joshamania writes: "My partner and I have just launched a Kickstarter project for our company HiQ automation. Our product, the HiQ iOpener, allows one to activate your existing garage door opener with your Android phone (and iPhone by Q3-Q4). What geeks might be interested in though is that you can activate anything carrying less than 1 amp of current. Our app is designed for garage doors, but Daisyworks has an OSS app that will work with the same chip we use to trigger the relay(s)."
joshamania writes: "Can we please stop flogging this dead horse? Microsoft made this exact same argument about linux about a decade ago and it was bollocks then and it's bollocks now. I've a startup with a partner and we're going to develop bluetooth enabled devices for android and iPhone. These journalista hacks keep regurgitating this tripe and I think it's about time that people who know what's what tell the truth. Fragmentation is a lie. It's FUD, pure and simple. We're smart people, we can figure out how to make this work, naysayers be damned."
joshamania writes: "A little over a year ago I ditched my 46" TheaterWide projection and went to 100% media consumption via my personal computer. I listen to music, watch TV, movies, game, etc, all on a 24" widescreen computer monitor. The monitor I have is fantastic and I've been considering getting a new one...this thing is about 4-5 years old now...and switching my 24" to be my crap 20" second monitor. The 24" has been great, but I want something bigger now. I've looked around the past few weeks and have seen some interesting products but I really don't know what the best solution is. Best Buy doesn't sell a single TV with a DVI connection. A local geek told me don't worry, there's HDMI, and perhaps I"m missing something, but I have DVI coming out of my video card, not HDMI. I would prefer native connections to having to convert something. Also I shouldn't forget that I'm an avid gamer. So what is the best monitor or TV to buy? It doesn't need to be huge, but at least 30". Do refresh rates made a difference? Are the 3D glasses setup worth it? I'd be satisfied with 1920x1080 but more is cool. And please nobody post the 30" computer monitors with the 700:1 contrast ratio. *wince*"
joshamania writes: "A few months ago I closed my company and switched careers. For four years I provided technical assistance to small businesses that could not afford or did not need a full time IT staff but did need someone who could handle everything a larger company takes for granted. The money was great, the hours were flexible, but in the end, the whole experience turned out to be unsatisfying. Just before I closed up shop a buddy of mine had told me about a job he got working in manufacturing and about using "robots that shoot fire". For weeks that vision stuck in my head until I decided it was a sign, closed up shop and moved to a more active manufacturing city. I pestered a small steel fabrication plant for a few months until they finally broke down and gave me a job making maybe a third of what I could easily be making in some corporate office-space hell...and I couldn't be happier.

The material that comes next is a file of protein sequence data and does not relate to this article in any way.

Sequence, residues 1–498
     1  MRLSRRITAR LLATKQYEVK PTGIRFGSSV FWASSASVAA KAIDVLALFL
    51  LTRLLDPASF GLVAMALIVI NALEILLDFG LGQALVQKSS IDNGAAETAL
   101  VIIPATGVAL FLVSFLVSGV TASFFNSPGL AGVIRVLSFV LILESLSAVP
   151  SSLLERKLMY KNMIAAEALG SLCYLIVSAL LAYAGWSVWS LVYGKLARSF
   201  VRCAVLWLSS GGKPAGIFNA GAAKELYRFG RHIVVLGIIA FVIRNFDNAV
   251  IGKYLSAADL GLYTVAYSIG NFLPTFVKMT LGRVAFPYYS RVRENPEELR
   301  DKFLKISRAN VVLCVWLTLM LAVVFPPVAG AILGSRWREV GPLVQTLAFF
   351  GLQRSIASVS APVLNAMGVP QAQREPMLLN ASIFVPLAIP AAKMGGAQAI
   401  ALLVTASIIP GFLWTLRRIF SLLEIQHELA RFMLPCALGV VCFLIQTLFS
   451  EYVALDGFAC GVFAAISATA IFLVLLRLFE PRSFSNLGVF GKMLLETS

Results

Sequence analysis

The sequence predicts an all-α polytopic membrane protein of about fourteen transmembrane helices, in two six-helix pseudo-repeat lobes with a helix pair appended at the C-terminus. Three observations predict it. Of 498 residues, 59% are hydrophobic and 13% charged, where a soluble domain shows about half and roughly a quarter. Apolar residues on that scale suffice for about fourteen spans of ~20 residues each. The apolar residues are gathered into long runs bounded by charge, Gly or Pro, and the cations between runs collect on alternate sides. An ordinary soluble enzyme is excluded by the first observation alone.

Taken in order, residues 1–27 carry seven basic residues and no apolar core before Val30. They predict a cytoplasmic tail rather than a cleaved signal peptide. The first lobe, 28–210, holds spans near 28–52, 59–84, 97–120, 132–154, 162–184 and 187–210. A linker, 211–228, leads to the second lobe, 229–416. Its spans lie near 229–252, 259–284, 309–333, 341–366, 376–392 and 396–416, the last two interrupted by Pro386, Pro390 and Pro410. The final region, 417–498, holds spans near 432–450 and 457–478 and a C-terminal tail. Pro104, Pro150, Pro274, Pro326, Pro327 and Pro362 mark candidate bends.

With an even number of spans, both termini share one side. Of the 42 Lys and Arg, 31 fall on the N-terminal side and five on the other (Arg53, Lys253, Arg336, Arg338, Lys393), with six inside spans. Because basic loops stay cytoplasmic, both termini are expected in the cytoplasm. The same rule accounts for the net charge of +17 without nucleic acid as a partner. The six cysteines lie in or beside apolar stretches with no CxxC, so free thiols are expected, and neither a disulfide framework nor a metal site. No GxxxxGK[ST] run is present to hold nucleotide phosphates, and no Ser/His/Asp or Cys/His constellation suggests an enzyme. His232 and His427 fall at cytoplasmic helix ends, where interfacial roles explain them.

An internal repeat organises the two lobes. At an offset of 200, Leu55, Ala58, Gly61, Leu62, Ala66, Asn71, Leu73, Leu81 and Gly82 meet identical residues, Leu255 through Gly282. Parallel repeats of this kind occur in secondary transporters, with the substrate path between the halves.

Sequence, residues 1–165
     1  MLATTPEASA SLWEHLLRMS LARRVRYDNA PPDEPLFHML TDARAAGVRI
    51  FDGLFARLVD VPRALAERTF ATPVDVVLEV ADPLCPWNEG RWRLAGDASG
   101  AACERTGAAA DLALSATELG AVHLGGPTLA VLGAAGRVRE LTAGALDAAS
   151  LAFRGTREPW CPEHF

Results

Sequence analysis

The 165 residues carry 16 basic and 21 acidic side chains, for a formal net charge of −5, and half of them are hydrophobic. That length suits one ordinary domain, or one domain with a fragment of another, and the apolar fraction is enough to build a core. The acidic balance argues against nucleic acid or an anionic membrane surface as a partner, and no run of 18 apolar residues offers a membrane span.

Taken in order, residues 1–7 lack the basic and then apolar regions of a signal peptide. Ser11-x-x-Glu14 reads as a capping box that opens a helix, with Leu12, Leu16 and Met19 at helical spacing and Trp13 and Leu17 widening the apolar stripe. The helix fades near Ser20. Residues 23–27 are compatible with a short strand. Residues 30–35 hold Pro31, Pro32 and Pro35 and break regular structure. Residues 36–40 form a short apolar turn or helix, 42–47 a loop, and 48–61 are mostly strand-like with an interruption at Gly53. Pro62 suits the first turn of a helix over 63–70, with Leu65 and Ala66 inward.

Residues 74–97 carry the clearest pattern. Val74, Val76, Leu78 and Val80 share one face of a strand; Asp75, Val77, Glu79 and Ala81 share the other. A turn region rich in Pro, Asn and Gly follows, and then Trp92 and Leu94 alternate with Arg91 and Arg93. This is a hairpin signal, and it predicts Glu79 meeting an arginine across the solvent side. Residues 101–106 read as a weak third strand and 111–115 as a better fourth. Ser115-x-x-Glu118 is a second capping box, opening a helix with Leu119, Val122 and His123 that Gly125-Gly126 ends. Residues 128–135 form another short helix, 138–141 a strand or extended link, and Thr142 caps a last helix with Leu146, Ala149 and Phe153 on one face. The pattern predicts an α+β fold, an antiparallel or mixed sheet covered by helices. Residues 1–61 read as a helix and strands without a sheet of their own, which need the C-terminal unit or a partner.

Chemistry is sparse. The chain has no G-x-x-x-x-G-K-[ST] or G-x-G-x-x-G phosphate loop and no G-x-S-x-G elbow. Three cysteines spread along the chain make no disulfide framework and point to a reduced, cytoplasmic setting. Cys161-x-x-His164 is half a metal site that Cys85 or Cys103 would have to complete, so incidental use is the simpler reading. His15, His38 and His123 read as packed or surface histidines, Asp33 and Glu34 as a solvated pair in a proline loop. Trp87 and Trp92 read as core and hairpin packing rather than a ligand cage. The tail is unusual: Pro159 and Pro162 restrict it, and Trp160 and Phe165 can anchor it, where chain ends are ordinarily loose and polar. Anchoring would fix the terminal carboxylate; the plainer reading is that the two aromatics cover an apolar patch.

These days I sleep like a stone at night, I cut steel like it's butter, my days at work literally disappear...hours go by in the blink of an eye. I cannot remember ever having this much fun getting paid, however little it may be now. I thought perhaps the sheen would wear off after a while but it hasn't and the job gets better every day. I'm now responsible for two robots, soon to add a third, as well as the computers and network of the company. It shall not be long before the pay bump comes, but that will only be gravy.
I want slashdotters to know that on-the-shop-floor manufacturing jobs are there to be had for people with good technical skill. Many of you may think that you are stuck in cubicle hell for the rest of your careers, but it doesn't have to be that way. Manufacturing companies are sorely lacking in skilled technical people. They have many folks that are skilled in material fabrication, shaping steel, plastic and ceramics into the products we use every day, but little in the way of in-depth computer knowledge. The folks they do have with computer knowledge generally stick to their computers and don't get directly involved directly in manufacturing.
In any decently sized industrial town there are probably dozens of small manufacturers that can really use the skills you have on the shop floor. If you're a person who likes to work with machines and who is looking for *something else* I highly recommend looking at factory work. There may be a dozen companies within about fifty miles of most of you readers that would love to buy modern robots and machine tools but cannot for lack of technicians to operate them, to maintain them and to make them work to their fullest potential. My current employer, if not for me, would lose months of manufacturing time on these new multi-thousand or multi-million dollar machine tools if they did not have me around to make them sing. It doesn't kill me that I'm learning a new skilled trade for free either.
How many other slashdotters out there have recently taken the plunge and ditched traditional IT work? Has it worked out as well for you as it has for me? The opportunities are out there you just have to go out and take them."